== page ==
Pour aluminum

You can also cast aluminum yourself since it has a relatively low melting point. Nevertheless, the casting of aluminum is associated with some effort and not entirely harmless. Below we have summarized for you what to consider when casting aluminum.

The melting point of aluminum

Aluminum is a light metal which has a relatively low melting point. Depending on the aluminum alloy present, the melting point is between 580 and 680 degrees Celsius. However, casting aluminum is by no means as easy as pouring tin. For laymen, it can even be extremely dangerous if you want to cast aluminum yourself.

Pouring aluminum yourself is dangerous

This can lead to violent blistering when you pour the molten aluminum into a mold. Hydrogen dissolves in the aluminum melt. This release of hydrogen is reduced, the more the aluminum solidifies. Therefore, this causes blistering under the solidifying aluminum.

Preferably no plaster molds

On plaster molds (which should actually be burned before use) it can even happen that all or part of the molten aluminum will literally explode and the height will be thrown. Therefore, when casting aluminum, really none of the important points should be neglected. This also includes not overheating the aluminum.

Molds for casting aluminum

In a private environment, you have different approaches. This applies primarily to the form used:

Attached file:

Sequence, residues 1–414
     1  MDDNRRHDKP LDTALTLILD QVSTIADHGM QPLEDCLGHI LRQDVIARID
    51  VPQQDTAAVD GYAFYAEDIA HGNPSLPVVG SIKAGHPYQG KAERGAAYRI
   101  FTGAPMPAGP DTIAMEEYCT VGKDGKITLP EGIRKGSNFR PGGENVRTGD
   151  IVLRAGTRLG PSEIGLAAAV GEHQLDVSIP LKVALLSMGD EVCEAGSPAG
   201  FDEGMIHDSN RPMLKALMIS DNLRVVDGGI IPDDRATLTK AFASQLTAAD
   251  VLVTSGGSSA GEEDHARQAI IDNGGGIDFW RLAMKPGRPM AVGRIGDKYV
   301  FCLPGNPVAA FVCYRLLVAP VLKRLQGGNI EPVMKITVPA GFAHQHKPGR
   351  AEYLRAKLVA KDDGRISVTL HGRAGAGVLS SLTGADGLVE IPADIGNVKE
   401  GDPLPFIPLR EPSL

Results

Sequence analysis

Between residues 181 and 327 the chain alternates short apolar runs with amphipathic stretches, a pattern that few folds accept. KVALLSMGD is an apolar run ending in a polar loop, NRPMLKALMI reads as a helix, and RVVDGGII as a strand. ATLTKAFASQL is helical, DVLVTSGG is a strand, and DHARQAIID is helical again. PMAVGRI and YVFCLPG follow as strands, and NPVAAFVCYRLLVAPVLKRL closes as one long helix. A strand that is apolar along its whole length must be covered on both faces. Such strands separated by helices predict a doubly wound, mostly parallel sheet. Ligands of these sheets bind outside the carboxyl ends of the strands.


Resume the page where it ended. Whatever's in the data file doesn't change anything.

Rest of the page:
• burnt plaster
  • molding sand
  • Mold material

Metal molds and molding material

Metal molds are extremely expensive to produce and therefore rather not typical for private or small use. When using molding material, the mold to be cast is first made of wax and then dipped in the mold material.

This must now harden, then this process is repeated again and again until the material has the required strength. Later, the wax body is then heated and melted out. More common is the use of molding sand, which works in the fundamentals similar.

molding sand

Again, positive forms are needed here in order to be able to make a negative mold with it later. However, when using molding sand, the positive bodies should be made of plastic. Here are moldings that were previously printed with a 3D printer made of plastic.

Ventilation and pouring channels

The pouring and venting channels (opposite and once highest and once the lowest point of the mold) are often made of polystyrene (colloquially polystyrene). Then these forms come completely into the molding sand.

Burn out plastic positive mold

Now, the plastic must be burned out of the resulting negative mold. For this purpose, a propane burner is suitable. After you have burned out the plastics, it is up to the heating of the aluminum. Here, too, offers a kiln, which is powered by gas (with charcoal it can take a long time).

Melt and pour aluminum

Once the aluminum has completely melted, it is quickly and generously poured into the mold. It should exit through the vent channel again. Now let the aluminum part cool down. Later you can cut off the casting at the ventilation transitions. Then the aluminum has to be filed or sanded.

Tips & Tricks

The aluminum that you cast yourself will always be of inferior quality due to the bubbles that form in the aluminum. In addition, the aluminum immediately oxidizes in the air.

Video Board: Cast Aluminum Coin Dish (Direct Pour)